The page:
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January 2023 | by Sam Shinkle
If it feels like everyone is starting a podcast these days, that’s because they are. You can find a podcast for just about any topic. But don’t let their rising popularity fool you – making a good podcast is hard work.
Want to know exactly how hard? Here’s a look at what you’ll need – and need to know – before recording a single episode.
You want to start “a podcast about politics”?
Congratulations, you’re now competing against thousands of others!
There are over 2 million podcasts streaming today and nearly half the U.S. population listens to podcasts on a monthly basis. Think about what will set you apart from the rest and make listeners want to subscribe to your show over the pages upon pages of options. To cut through the noise and stand out, you need to find a unique niche and capitalize on that. “Politics” is really broad, so think about how can you drill down and find an untapped market for eager listeners.
Think you are all set and ready to hit record once you find that bespoke topic? Think again.
Like building a company from the ground up, creating your podcast brand is about a lot more than simply picking a niche. You will need to develop cover art, select music for intros and outros, choose a recording style, and so much more.
Think about how each of these items helps weave the story of your overarching theme so your brand feels authentic.
Now that you’ve got the brand details narrowed down, it’s time to outfit your podcast studio. And while you think that recording voice memos on your phone at home will help add to the authenticity of your podcast, it’s just not going to cut it.
To compete with the thousands upon thousands of podcasters out there, you will need a few basic pieces of equipment:
The Space: We understand that most beginner podcasters may not have access to a perfectly soundproof studio. You can make do in a room with lots of soft surfaces – think carpeting, cloth furniture, or pillows and blankets. These soft surfaces help absorb excess noise instead of bouncing it around the room.
Also steer clear of reflective surfaces like windows. If you don’t have a windowless room, be sure to pull the drapes.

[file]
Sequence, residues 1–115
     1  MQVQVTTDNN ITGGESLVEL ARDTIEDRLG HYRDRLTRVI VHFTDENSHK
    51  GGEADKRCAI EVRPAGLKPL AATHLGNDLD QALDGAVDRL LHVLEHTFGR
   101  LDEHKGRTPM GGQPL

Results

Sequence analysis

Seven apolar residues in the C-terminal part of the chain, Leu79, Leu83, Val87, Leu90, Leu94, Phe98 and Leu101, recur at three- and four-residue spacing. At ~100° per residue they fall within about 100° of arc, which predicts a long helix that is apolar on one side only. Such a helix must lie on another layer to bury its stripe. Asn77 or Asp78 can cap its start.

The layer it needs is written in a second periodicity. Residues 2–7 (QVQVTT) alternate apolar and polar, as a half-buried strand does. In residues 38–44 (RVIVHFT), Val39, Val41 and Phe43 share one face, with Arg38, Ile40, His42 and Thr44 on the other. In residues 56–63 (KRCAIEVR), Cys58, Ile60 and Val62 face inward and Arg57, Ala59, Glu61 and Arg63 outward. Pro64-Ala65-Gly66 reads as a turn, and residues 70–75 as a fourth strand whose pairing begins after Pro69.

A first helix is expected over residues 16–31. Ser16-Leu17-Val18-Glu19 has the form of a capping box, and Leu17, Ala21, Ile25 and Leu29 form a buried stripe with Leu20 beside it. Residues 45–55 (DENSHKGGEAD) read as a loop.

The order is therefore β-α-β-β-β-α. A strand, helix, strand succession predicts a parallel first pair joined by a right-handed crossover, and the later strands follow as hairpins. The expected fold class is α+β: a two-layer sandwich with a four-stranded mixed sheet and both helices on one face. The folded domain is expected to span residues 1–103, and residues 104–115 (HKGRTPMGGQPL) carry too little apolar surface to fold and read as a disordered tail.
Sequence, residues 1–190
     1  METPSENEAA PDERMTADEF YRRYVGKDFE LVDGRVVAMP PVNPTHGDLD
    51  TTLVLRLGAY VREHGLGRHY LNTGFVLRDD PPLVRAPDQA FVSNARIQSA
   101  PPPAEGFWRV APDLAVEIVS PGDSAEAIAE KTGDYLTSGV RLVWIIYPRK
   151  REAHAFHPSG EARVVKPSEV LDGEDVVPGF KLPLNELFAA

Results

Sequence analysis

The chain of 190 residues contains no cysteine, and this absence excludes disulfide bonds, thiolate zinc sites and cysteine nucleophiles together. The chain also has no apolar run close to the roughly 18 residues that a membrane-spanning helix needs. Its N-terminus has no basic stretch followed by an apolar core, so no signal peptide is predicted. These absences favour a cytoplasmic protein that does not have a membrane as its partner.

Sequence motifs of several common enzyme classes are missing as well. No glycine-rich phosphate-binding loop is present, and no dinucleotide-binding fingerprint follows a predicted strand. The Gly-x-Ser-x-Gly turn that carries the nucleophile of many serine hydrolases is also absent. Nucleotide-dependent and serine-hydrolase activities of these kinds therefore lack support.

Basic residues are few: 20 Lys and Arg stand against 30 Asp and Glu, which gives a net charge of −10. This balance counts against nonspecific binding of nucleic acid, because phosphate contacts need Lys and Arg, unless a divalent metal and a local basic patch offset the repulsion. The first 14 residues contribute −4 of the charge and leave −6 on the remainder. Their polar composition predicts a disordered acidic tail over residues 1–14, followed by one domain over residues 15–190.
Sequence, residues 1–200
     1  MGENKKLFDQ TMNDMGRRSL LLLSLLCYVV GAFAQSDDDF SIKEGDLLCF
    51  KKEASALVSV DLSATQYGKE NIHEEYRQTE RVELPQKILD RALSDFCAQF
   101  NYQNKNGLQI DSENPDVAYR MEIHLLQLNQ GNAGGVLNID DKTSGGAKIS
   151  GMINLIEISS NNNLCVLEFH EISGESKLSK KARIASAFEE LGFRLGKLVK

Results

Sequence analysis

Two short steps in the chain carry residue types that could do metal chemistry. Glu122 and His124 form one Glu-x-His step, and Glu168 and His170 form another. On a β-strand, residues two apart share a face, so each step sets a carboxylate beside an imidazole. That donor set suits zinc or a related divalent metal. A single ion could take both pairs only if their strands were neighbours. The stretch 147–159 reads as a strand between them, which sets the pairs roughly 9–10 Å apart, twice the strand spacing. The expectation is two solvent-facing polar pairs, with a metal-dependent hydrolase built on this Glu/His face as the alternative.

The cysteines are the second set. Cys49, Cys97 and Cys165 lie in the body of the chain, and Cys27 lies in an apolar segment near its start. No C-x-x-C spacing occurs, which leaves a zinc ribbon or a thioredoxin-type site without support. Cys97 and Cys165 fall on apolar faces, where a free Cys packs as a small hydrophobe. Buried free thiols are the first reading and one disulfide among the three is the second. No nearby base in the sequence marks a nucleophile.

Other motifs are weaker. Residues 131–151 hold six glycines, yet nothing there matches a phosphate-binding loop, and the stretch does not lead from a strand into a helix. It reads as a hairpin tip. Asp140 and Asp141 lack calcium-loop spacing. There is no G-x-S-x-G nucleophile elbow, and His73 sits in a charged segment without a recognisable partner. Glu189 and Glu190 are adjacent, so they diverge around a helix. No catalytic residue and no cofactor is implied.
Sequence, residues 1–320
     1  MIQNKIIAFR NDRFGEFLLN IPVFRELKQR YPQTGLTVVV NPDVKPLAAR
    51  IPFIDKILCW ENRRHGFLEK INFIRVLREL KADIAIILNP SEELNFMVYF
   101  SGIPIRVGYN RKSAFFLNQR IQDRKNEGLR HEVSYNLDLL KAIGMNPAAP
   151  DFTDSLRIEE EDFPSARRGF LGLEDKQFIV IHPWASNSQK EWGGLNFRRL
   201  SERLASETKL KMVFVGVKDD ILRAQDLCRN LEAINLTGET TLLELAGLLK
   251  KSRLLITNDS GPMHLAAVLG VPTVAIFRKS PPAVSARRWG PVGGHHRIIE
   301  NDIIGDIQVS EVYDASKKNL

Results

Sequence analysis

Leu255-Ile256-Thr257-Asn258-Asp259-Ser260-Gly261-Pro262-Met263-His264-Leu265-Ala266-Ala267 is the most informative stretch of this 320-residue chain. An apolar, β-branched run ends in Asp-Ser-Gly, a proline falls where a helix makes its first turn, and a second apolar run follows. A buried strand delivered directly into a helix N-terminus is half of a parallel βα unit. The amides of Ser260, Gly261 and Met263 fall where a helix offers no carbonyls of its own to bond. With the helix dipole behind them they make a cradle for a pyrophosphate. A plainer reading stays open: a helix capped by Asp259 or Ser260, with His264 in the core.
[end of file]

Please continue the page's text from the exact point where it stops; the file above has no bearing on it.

The Sound: An all-in-one recording station is the gold standard for recording podcasts, but if you can’t fit one in your budget, a high-quality microphone is an absolute must and won’t cost you a fortune. We recommend Blue Yeti USB, Rode NT-USB, and Shure SM7B.
You will also need a desktop mic mount, a pop filter, a pair of good headphones, and a USB audio interface to finish out your toolkit.
The Software: Even with all the best equipment in the world, you probably aren’t going to get the full podcast perfect on the first recording. That’s where editing software comes in. A few of our favorite options are Audacity, GarageBand, Descript, and Adobe Audition.
Now that you’ve built your brand, outfitted your studio, recorded your first episode, and edited the recording to perfection, you need to share it with the world. The only question is where?
There are dozens upon dozens of different podcast hosting platforms today, so picking one may be overwhelming. Here are two important things to keep in mind when you are deciding on a hosting platform:
Cost: Cost is probably the single most prohibitive factor in selecting a hosting platform. Prices can vary significantly, so do your research before settling on one. There are some free options, but you may get better ROI from a paid subscription option since they typically offer a wider reach and more tools.
Distribution: After putting in that much hard work, you want to make sure your podcast is going to reach a decent audience. See if the service offers automatic distribution to podcast directories like Apple Podcasts and Spotify in addition to their central hosting location.
Not sure where to start? We recommend using Anchor.fm. It checks both the cost and distribution boxes, plus Anchor.fm also has a mobile app that allows the host and the guest to record the audio directly from your phone.
Too many people get excited about starting a podcast, then give up after their first wave of recordings. You need to dedicate yourself to regularly creating content because that’s how you will build and maintain an audience.
Before you jump in, consider making an editorial calendar, outlining episode topics and guest speakers ahead of time. This will help you realistically map out your season and ensure you not only have enough content for a season but that it’s all consistent, quality content that isn’t thrown together because you ran out of ideas.
At the end of every season, it’s also a good idea to take a long look at the data and see what’s working, what isn’t, and how you can set yourself up for success in season two – if you decide to have a second season.
Don’t want to start your podcasting journey alone? Reach out to IMGE. We’ve helped clients launch top-notch podcasts and would love to team up with you.
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